St Petersburg, Concert Hall

Dvořák. Tchaikovsky. Smetana. Rimsky-Korsakov


PERFORMERS:
Soloist: Alexei Lukirsky (violin)
The Mariinsky Youth Philharmonic Orchestra
Conductor: Anton Gakkel


PROGRAMME:
Antonín Dvořák
Carnaval, concert overture, Op. 92

Pyotr Tchaikovsky (marking 175 years since the composer’s birth)
Five Pieces for Violin and Orchestra

Bedřich Smetana
Vlatva, symphonic poem from the cycle Má vlast

Nikolai Rimsky-Korsakov
Capriccio espagnol, Op. 34

About the Concert

In the early 1890s Antonín Dvořák conceived a symphonic triptych entitled Nature, Life, Love. The idea was realised and at the premiere the three works were performed as an integral cycle. Later, the parts of the triptych began to be performed individually as concert overtures and were given the titles of In Nature’s Realm, Carnival and Othello. The impetuous and life-affirming character of the outer sections reminds one of the composer’s Slavonic Dances. The brief middle movement is a lyrical intermezzo that depicts images of nature. Against a background of a repetitive three-tone motif of the English horn there are solo responses from the flute, clarinet and violin.

In addition to his Violin Concerto, Pyotr Tchaikovsky wrote five other pieces for the instrument and orchestra. They were all composed in the latter half of the 1870s. Melancholy Serenade was initially dedicated to the renowned violinist Leopold Auer, but when Auer rejected Tchaikovsky’s Violin Concerto the composer removed his dedication. As a result, the first performer of both the concerto and the serenade was Adolph Brodsky. In the music of the Serenade one can pick out the lyricism of Swan Lake. The melancholy mood of the outer sections is created by the romance-like intonations of the violin, while in the middle movement there are triumphant light and elegiac moods.

The virtuoso Valse-Scherzo was composed for Tchaikovsky’s friend and pupil Iosif Kotek.

Méditation, Scherzo and Mélodie form part of the cycle Souvenir d’un lieu cher. These were composed for violin and piano, though Alexander Glazunov produced an orchestral version after Tchaikovsky’s death. By “un lieu cher (a dear place)” Tchaikovsky had meant the town of Brailov close to the estate of his friend Nadezhda von Meck.

The virtuoso, flight-filled Scherzo in the spirit of a tarantella comes next to the Mélodie in the cycle – a miniature song without words – and the restrained and lyrical Méditation. The music of the latter was initially to be included in a violin concerto, but in the event Tchaikovsky transformed it into the basis of his famous Canzonetta.

The cycle of six symphonic poems Má vlast by Bedřich Smetana is his greatest achievement in orchestral music. The most popular of the six poems is Vlatva, the name of the greatest river in the Czech Republic. The programme of the poem is related in detail by the composer: “The work depicts the path of the Vlatva from its very sources”. In the music one can hear the calls of hunting horns, the sounds of a peasant polka and the night-time chorus songs of mermaids. In the culmination of the poem (with the composer’s remark “the powerful flow of the Vlatva”) one can hear a motif of the Vyšehrad Castle from the first poem in the cycle.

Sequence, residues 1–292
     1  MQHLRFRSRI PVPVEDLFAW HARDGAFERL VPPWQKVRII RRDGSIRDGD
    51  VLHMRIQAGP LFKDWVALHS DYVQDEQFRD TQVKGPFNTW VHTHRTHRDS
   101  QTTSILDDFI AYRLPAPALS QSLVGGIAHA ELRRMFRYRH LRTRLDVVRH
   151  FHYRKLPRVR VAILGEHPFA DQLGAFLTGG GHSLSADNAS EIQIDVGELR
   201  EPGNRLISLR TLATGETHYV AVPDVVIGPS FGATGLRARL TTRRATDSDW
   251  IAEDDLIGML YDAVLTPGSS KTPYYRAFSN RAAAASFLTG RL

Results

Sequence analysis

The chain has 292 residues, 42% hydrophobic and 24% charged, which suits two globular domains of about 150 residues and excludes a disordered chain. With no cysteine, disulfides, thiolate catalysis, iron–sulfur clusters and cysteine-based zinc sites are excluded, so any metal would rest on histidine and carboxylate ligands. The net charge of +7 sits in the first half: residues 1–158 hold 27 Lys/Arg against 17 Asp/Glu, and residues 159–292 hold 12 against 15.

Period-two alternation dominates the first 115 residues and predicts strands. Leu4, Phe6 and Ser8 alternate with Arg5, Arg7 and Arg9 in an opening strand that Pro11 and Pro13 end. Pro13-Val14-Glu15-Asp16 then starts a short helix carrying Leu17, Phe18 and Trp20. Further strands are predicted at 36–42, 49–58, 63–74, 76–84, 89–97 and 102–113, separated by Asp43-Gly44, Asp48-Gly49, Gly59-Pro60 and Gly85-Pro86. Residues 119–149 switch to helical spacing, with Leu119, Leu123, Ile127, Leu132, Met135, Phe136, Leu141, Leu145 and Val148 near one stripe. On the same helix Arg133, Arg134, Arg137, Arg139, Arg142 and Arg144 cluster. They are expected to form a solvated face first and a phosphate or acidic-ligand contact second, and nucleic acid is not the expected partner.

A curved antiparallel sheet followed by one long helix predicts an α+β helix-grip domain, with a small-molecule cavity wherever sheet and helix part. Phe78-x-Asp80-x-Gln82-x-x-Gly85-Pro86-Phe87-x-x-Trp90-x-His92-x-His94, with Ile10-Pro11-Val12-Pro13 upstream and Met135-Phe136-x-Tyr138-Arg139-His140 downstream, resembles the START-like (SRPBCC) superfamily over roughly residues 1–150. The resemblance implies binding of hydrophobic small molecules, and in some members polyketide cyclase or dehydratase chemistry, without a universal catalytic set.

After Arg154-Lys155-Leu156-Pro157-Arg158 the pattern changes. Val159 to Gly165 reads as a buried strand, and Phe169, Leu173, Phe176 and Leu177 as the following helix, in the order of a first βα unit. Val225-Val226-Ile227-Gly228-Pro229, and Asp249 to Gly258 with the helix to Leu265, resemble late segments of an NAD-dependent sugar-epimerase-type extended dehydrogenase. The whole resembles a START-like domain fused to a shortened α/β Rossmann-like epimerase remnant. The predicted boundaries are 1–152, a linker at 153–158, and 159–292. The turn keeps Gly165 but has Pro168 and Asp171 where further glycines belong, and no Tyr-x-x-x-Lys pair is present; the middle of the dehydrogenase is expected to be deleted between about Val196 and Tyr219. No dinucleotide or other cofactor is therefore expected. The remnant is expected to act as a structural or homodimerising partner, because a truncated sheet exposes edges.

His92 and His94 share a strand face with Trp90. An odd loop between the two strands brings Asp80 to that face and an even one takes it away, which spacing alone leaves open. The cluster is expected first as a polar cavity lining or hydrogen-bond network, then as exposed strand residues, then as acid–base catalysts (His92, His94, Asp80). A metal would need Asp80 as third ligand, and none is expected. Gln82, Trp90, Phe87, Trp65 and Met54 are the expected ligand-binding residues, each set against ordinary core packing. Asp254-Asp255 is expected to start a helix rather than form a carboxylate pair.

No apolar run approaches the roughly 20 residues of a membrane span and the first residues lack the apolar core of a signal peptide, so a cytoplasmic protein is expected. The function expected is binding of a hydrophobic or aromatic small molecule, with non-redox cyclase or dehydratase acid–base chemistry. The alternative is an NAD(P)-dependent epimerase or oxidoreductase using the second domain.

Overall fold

Vladimir Khavrov

Glinka’s Spanish overtures laid the basis to an engaging chapter in the history of Russian classical music. “Russian Spain” came to life in masterpieces by Dargomyzhsky and Rubinstein, Tchaikovsky and Glazunov, Prokofiev and Shostakovich...
Nikolai Rimsky Korsakov’s Capriccio espagnol (1887) emerged from sketches for a fantasia concertante for violin and orchestra based on Spanish folk themes. The composer’s initial idea developed and expanded far beyond the realms of a fantasia or suite founded on folkloric motifs. Before us we have a dazzling orchestral concerto – one of the first such examples in Russian music. In the five movements of the Capriccio we can imagine Spain in song and dance (Rimsky-Korsakov borrowed genuine folk themes from José Inzenga’s Collection of Folk Songs and Dances).
Thanks to the varicoloured yet transparent orchestration, colourfulness and richness of flavour (in particular the castanets included in the percussion section), the score of Capriccio espagnol is a veritable encyclopaedia of orchestral mastery.
The first performance of Capriccio espagnol took place in St Petersburg on 5 December 1887 under the baton of the composer.
Iosif Raiskin

About the performers

The Mariinsky Youth Philharmonic was founded in 1999 on the initiative of Valery Gergiev with the aim of training the next generation of theatre musicians and perfecting their performing skills. From that day to this, the orchestra has seen a constant flow of new young musicians. Since its inception, the orchestra has been conducted by such maestri as Gianandrea Noseda, Algirdas Paulavičius and Valery Gergiev himself, thus ensuring the continuity of traditions and involving young performers in the established routine of theatre life. The orchestra has also been conducted by Vladimir Feltsman, François Xavier-Roth, Kazuhiko Komatsu, Daniel Smith and young conductors from Russia, the USA, Greece and China who trained under Ilya Musin. The orchestra made its first independent appearance in 1999 at the Stars of the White Nights festival when it featured in a performance of the opera Le nozze di Figaro. That same year saw the Youth Philharmonic Orchestra undertake its first tour to cities in Italy. The ensemble went on to perform in Finland, Germany and Japan.
Thanks to the opening of the Mariinsky II the orchestra now has increased opportunities to present the public with its own unique programmes.

Age category 6+

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